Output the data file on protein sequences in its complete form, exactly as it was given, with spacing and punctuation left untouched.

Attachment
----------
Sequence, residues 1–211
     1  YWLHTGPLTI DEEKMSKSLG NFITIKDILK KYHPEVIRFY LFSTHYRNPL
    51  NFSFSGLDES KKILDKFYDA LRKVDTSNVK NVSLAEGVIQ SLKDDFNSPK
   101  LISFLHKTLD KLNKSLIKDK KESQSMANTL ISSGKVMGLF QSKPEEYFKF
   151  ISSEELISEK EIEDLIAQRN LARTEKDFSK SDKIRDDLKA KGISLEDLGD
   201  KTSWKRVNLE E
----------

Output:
Sequence, residues 1–211
     1  YWLHTGPLTI DEEKMSKSLG NFITIKDILK KYHPEVIRFY LFSTHYRNPL
    51  NFSFSGLDES KKILDKFYDA LRKVDTSNVK NVSLAEGVIQ SLKDDFNSPK
   101  LISFLHKTLD KLNKSLIKDK KESQSMANTL ISSGKVMGLF QSKPEEYFKF
   151  ISSEELISEK EIEDLIAQRN LARTEKDFSK SDKIRDDLKA KGISLEDLGD
   201  KTSWKRVNLE E